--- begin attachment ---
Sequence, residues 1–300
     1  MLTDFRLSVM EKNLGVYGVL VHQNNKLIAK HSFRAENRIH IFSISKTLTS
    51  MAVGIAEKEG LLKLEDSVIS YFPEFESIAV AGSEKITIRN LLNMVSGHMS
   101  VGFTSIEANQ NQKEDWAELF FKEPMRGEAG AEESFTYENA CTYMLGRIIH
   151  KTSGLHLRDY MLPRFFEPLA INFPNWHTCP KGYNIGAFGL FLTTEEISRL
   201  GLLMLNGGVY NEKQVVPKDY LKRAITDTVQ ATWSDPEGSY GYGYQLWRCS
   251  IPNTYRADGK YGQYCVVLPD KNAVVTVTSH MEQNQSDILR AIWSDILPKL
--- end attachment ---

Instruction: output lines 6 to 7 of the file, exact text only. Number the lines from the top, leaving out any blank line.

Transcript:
   201  GLLMLNGGVY NEKQVVPKDY LKRAITDTVQ ATWSDPEGSY GYGYQLWRCS
   251  IPNTYRADGK YGQYCVVLPD KNAVVTVTSH MEQNQSDILR AIWSDILPKL